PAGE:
“The Germans are rounding up healthy Russian prisoners and transferring them in batches of a thousand at a time to a prison camp near Kiev. It may be a coincidence that cans of something called ‘Russian beef’ are already being exported from a factory near Kiev to the most hard hit parts in the Ruhr.”
Later that month a note from the War Ofﬁce Deputy Director of Operations, Col. John Sinclair (who became Chief of MI6 from 1953 to 1956) to David Bowes-Lyon approved the UP Committee’s new development of the gas-chamber story:
“The Germans need every hospital they have got for their own wounded, so foreign workers who fall seriously sick are just sent to the gas-chamber.”
This was later given a further twist:
“Foreign workers should not go to Germany because they are transferred to occupied Poland or blitzed districts, gassed if unﬁt, sterilised, cheated of their wages, or liable to be treated as hostages.”
As the situation on the Eastern Front worsened, the SOE Executive Committee noted:
“We have now arrived at a situation where it is virtually impossible to distinguish between ‘come-backs’ on certain of our rumour campaigns and genuine reports from enemy and occupied territory. We have, for instance, for the last four months been keeping up a steady campaign on the subject of Fleck Typhus on the Eastern Front. This at ﬁrst met with no noticeable reaction, but the number of reports has steadily grown, until the prevalence of this disease is now an accepted fact. It seems probable that the reports now refer to genuine outbreaks, but the rumour campaign can claim credit for putting into the minds of the German people an exaggerated idea of its seriousness.”
It is perhaps signiﬁcant that SOE’s leaders here register the point that – in the case of typhus – propaganda rumors had become fact. Had he been aware of genuine use of homicidal gas chambers, Cavendish-Bentinck could have made a similar point in August 1943: but he didn’t.
In fact, when the Daily Mirror on 23rd March 1942 reported euthanasia by gassing in a report ﬁled by its Lisbon correspondent, it was highlighted by SOE as a “come-back” of one of their sibs, rather than a potentially true story. The Mirror report read:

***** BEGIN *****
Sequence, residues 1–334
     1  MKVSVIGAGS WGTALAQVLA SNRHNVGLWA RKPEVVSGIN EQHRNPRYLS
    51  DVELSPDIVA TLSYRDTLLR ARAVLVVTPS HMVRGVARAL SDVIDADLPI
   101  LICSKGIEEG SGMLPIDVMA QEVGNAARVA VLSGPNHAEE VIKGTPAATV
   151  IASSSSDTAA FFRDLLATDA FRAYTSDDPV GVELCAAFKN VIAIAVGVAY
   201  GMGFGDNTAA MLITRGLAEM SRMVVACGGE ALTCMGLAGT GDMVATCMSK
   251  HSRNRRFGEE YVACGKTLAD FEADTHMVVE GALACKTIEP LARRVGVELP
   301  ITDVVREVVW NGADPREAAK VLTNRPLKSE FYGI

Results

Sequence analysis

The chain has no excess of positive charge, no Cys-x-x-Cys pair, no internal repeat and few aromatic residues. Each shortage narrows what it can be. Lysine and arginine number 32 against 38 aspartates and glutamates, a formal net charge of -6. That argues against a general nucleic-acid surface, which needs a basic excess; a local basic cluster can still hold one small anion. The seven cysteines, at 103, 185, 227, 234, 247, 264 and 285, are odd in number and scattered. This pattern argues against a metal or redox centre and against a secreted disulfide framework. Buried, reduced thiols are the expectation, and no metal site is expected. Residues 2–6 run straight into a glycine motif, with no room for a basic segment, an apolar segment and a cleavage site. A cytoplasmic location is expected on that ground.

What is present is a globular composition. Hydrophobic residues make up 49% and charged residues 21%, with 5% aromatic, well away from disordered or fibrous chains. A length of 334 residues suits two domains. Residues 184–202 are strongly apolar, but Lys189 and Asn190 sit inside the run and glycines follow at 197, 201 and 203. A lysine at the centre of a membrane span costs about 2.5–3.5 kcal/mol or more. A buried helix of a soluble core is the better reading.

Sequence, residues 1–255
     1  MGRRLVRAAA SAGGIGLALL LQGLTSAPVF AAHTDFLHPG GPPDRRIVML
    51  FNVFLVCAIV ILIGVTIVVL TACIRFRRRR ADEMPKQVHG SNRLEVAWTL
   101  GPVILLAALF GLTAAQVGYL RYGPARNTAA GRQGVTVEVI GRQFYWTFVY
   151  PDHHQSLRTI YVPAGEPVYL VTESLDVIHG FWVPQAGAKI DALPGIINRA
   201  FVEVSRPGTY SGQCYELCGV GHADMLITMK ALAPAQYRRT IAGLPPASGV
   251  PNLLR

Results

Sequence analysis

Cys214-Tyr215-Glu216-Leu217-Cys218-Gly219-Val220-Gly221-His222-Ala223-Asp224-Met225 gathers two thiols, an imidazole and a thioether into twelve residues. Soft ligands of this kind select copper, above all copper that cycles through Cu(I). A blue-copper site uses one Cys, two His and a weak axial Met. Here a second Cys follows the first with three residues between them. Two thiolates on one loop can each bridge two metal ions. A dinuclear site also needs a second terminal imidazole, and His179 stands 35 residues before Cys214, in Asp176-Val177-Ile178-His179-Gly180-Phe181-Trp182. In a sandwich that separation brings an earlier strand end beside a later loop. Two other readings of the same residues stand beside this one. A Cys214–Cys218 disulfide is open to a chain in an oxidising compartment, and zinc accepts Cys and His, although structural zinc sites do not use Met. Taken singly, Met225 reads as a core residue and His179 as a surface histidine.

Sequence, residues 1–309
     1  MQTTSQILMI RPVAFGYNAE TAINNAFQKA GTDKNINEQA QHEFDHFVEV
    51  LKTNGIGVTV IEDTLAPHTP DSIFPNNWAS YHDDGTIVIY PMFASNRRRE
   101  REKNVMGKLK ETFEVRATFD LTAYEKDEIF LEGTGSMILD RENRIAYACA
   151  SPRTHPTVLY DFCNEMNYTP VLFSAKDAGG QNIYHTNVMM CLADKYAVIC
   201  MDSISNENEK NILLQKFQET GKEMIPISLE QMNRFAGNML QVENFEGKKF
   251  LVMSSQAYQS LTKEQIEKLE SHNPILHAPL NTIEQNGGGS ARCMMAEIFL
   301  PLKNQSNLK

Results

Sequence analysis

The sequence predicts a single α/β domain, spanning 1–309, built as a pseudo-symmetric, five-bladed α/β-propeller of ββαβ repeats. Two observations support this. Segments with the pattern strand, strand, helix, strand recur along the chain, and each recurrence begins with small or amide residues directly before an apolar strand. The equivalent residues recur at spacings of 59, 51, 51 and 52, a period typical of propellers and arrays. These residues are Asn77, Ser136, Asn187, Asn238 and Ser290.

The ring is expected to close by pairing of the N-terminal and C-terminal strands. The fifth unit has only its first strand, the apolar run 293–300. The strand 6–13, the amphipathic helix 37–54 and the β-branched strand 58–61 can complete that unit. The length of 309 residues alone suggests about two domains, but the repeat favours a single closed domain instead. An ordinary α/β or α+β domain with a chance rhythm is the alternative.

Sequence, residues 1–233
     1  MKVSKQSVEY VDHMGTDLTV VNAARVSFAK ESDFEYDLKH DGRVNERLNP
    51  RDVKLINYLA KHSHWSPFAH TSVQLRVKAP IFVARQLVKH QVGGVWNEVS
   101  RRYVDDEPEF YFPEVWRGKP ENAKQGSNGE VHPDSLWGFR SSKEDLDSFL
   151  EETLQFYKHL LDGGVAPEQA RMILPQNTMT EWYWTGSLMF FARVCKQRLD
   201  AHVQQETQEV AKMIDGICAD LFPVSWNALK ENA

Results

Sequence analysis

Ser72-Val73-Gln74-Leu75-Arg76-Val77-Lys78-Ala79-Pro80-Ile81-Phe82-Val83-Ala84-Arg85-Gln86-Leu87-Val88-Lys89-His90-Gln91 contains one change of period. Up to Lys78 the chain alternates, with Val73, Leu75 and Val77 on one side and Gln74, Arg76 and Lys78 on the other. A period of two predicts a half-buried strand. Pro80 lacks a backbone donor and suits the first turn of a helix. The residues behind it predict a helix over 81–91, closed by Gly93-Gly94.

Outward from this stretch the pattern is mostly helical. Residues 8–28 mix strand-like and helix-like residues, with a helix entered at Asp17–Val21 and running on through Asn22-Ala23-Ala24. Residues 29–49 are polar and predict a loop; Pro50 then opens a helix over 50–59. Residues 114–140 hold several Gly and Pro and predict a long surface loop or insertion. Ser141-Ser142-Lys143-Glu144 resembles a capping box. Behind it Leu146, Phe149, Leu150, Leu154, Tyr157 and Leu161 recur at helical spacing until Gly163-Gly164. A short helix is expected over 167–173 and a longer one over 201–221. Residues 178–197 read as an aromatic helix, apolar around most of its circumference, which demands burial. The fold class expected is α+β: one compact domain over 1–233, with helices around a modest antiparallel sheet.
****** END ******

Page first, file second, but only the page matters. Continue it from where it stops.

“Through the widow of one of the men concerned, I learn that 300 Germans wounded in hospital at Dresden were quietly disposed of with gas as they were unlikely to be of further use to the Reichswehr. All had lost limbs or arms on the Eastern front, or had appalling body injuries.”
I have catalogued these very early references to homicidal gassings because they indicate that Victor Cavendish-Bentinck believed he had good reason, in August 1943, to disbelieve stories about mass murders of Poles and Jews in gas chambers. It is of course illegal in many European countries to express such a view today.
As opposed to the growing tide of historical revisionism, orthodox or “exterminationist” historians now suggest that the homicidal gassing of Jews began in February and March 1942, and maintain that the ﬁrst homicidal gassings of Soviet and Polish prisoners in Auschwitz took place in August-September 1941. Yet SOE were putting out a rumor or “sib” about the gassing of “incurables” (i.e. euthanasia by gas chamber) in December 1940, and an extension of this rumor to encompass gassing of severely wounded soldiers was already current by the summer of 1941 – i.e. before the very ﬁrst alleged gassings of prisoners at Auschwitz.
Revisionists accept that a euthanasia program began in Germany at the start of the war (using lethal injections) but was abandoned in August 1941on Adolf Hitler’s orders due to the scale of religious opposition, especially from the Catholic Bishop von Galen of Münster. The alleged use of gas chambers in this euthanasia program has been seen by revisionists as an attempt to bolster Holocaust myths. British propagandists’ invention of a “lethal chamber” aspect to euthanasia could in this context be seen as the basis for later accretions of myth.
With so many gaps in the documentary record, we might never know precisely how these stories were built up. What we can say is that existing SOE and PWE records fatally undermine one of Prof. Richard Evans’s arguments against David Irving. As noted above, Evans wrote: